Bipartisan Group of Senators To Call for Reimbursement of States for Incurred Medicare Prescription Drug Benefit Costs
A bipartisan group of at least five senators plans to sponsor legislation that would reimburse states that are covering the costs of drugs for Medicare beneficiaries who have had difficulty obtaining medications under the new Medicare drug benefit, AP/Long Island Newsday reports. The legislation -- co-sponsored by Sens. Norm Coleman (R-Minn.), Dianne Feinstein (D-Calif.), Frank Lautenberg (D-N.J.), Charles Schumer (D-N.Y.) and Olympia Snowe (R-Maine) -- would reimburse the states for 100% of their costs plus interest.
In addition, the bill would require the HHS secretary to recover overpayments to Medicare drug plans and return the money to Medicare (Freking, AP/Long Island Newsday, 1/18). Lautenberg is expected to introduce the legislation (Campbell, Newark Star-Ledger, 1/19). Lautenberg said, "While there are many problems that need to be dealt with regarding the implementation of this drug plan, it is critical that we pay these states back as soon as possible" (AP/Long Island Newsday, 1/18).
On Tuesday, CMS Administrator Mark McClellan said the government will not reimburse states covering the costs of beneficiaries' prescriptions, adding that CMS does not have the authority to pay states directly.
The Bush administration has instructed insurers offering Medicare drug plans to provide beneficiaries with a 30-day emergency supply of any drugs they were taking before the Medicare prescription drug benefit began Jan. 1. In addition, the administration said insurers must take steps to ensure that no low-income beneficiary is charged more than $2 for a generic drug and $5 for a brand-name drug. McClellan said the agency will assist state agencies in compiling and filing claims with Medicare drug plans (California Healthline, 1/18).
At least 26 states are covering prescription drugs for beneficiaries dually eligible for Medicaid and Medicare who have been unable to obtain medications under the drug benefit, according to a survey released Wednesday by the National Association of State Medicaid Directors, the Star-Ledger reports. Thirty states responded to the NASMD survey. The survey outlined more than a dozen problems with the implementation of the drug benefit, including the following:
- Insurers offering Medicare drug plans have not yet received lists of all dual eligibles and the plans in which they are enrolled;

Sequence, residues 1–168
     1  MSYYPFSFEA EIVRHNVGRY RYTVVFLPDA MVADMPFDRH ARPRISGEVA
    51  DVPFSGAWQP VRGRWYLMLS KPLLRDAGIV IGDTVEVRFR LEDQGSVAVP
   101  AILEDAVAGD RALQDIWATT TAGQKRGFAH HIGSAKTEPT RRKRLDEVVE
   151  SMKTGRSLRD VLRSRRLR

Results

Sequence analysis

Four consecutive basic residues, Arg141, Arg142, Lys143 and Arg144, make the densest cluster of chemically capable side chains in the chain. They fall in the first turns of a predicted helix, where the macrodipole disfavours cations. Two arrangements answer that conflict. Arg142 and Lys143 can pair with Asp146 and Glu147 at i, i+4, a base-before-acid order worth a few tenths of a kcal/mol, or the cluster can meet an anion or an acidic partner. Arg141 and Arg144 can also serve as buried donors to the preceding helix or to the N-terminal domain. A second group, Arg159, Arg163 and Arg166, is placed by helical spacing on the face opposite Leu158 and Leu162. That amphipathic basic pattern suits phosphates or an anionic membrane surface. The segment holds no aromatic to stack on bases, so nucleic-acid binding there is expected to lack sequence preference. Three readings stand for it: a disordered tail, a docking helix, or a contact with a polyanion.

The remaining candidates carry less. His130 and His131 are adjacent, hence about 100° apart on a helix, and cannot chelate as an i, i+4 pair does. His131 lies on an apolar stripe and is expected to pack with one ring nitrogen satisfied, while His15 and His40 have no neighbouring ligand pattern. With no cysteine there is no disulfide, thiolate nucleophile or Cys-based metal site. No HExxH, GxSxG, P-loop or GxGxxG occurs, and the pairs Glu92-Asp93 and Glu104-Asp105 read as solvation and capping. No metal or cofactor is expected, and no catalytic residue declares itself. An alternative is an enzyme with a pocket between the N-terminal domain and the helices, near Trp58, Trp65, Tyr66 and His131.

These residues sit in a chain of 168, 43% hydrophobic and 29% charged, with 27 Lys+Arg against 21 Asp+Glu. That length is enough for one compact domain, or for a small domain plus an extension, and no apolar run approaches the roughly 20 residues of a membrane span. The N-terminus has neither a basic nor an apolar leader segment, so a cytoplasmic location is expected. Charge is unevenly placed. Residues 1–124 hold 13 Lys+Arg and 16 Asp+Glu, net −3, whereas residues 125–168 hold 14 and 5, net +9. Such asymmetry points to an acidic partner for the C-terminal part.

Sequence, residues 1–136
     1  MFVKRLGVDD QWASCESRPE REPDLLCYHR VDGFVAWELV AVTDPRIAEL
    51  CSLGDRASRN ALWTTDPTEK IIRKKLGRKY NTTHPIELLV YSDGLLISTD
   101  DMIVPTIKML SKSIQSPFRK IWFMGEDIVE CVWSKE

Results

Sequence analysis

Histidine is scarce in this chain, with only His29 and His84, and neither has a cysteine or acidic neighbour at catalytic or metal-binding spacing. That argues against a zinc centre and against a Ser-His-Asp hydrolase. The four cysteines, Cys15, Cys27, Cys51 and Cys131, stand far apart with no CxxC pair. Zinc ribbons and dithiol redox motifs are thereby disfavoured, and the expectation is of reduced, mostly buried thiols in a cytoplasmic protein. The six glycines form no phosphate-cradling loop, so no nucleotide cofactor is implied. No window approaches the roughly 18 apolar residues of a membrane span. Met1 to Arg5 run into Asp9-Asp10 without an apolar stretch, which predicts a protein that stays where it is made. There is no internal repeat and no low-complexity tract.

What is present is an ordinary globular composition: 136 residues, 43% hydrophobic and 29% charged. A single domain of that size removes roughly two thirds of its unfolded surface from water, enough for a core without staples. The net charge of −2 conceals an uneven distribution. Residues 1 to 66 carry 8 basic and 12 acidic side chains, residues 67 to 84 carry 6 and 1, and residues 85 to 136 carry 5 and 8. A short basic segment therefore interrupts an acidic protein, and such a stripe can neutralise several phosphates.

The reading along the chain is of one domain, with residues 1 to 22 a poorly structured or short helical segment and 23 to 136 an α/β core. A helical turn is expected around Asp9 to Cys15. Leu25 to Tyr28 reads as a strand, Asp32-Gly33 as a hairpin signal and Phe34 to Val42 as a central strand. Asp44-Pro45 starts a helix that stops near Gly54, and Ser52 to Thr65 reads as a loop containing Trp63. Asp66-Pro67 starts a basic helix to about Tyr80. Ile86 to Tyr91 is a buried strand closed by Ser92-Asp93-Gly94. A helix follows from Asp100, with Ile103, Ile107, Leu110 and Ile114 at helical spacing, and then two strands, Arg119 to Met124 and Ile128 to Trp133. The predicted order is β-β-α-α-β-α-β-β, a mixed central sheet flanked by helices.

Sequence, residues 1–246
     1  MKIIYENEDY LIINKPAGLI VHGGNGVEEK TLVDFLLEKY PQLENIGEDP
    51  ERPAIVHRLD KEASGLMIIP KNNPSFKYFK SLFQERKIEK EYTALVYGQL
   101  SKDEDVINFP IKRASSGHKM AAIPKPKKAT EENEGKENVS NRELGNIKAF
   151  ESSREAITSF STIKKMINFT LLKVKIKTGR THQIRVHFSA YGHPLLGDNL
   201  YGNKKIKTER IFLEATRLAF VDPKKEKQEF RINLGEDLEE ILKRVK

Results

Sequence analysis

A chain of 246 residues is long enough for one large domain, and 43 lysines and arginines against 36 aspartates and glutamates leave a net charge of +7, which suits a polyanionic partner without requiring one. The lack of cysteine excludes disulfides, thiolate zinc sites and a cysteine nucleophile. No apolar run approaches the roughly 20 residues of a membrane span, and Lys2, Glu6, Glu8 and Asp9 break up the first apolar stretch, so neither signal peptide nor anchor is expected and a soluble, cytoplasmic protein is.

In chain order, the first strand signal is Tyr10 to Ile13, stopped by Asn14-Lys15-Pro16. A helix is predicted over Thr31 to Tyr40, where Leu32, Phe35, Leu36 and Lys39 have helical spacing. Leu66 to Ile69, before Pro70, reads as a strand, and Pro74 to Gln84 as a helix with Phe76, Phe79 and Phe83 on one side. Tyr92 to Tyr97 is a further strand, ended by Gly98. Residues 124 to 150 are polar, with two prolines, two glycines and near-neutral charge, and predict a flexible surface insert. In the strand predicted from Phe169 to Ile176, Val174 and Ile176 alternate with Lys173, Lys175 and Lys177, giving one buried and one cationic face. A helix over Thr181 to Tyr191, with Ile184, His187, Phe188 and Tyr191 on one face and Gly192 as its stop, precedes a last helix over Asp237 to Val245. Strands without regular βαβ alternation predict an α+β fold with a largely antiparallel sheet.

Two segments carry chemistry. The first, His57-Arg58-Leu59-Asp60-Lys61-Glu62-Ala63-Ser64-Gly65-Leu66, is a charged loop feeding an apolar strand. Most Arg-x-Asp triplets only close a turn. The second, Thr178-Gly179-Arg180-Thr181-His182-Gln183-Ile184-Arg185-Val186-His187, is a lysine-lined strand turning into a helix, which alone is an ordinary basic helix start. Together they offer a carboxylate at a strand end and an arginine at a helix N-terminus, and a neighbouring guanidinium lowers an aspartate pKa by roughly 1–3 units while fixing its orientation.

- In some cases, states' lists of dual eligibles do not match lists from CMS; and
- Computer programs to assist pharmacists in verifying a beneficiary's eligibility sometimes do not work or are backlogged.
Martha Roherty, director of NASMD, said drug plans were prepared to handle beneficiaries who were enrolling in drug plans for the first time but had problems with the switch of dual eligibles from Medicaid to Medicare. "The complicating factor was switching people from state Medicaid plans into the federal Medicare plans," Roherty said, adding, "The transition was not fully understood" (Newark Star-Ledger, 1/19).
Criticism of the drug benefit is "premature," Mark Merritt, president of the Pharmaceutical Care Management Association, said Wednesday during a press conference to discuss the organization's 2006 agenda, CQ HealthBeat reports. PCMA, which represents pharmacy benefit managers, will not support legislation making changes to the drug benefit, Merritt said, adding that the group "wants stable ground with no changing goal posts."
Merritt said problems with the drug benefit will get "progressively and exponentially better" in the months ahead. "We're doing a lot to manage the problems," he said, adding, "We've staffed up our call centers, added literally thousand of employees throughout our industry to make sure that people can get the information they need, pharmacists can get the information they need" (CQ HealthBeat, 1/18).
The following summarizes additional features examining effects of the drug benefit.
- Canadian pharmacies: The Washington Times on Thursday examined how online pharmacies in Canada -- "facing competition" from Medicare drug plans -- "are trying to capitalize" on the drug benefit's "bumpy start this month to keep their senior customers." Amber McBain, business development manger of OneWorldRx, a pharmacy processing company in Richmond, British Columbia, said, "Where there are lapses in Medicare D coverage, Canadian pharmacies offer an excellent complement for most people." However, a CMS official said prescription drugs often cost less through Medicare drug plans than online Canadian pharmacies. "It's also illegal for Americans to buy drugs from Canada," CMS spokesperson Peter Ashkenaz said (Higgins, Washington Times, 1/19).
- Republican response: The Washington Post on Thursday examined how some Republican lawmakers "are using town meetings and other outreach efforts to try to tamp down senior citizens' outrage over the [drug benefit] ... as they look warily toward the November elections and the possibility of a political backlash." For instance, Rep. Thomas Reynolds (R-N.Y.) attended a recent community workshop on the benefit to meet with beneficiaries and respond to their concerns. Andrew Kohut, president of the Pew Research Center, said, "This could be either the one thing that people say either, 'Wow, they really accomplished something here,' or they say, 'Look at what the Republicans have done. They've fattened up their insurance buddies and left us out in the cold'" (Murray, Washington Post, 1/19).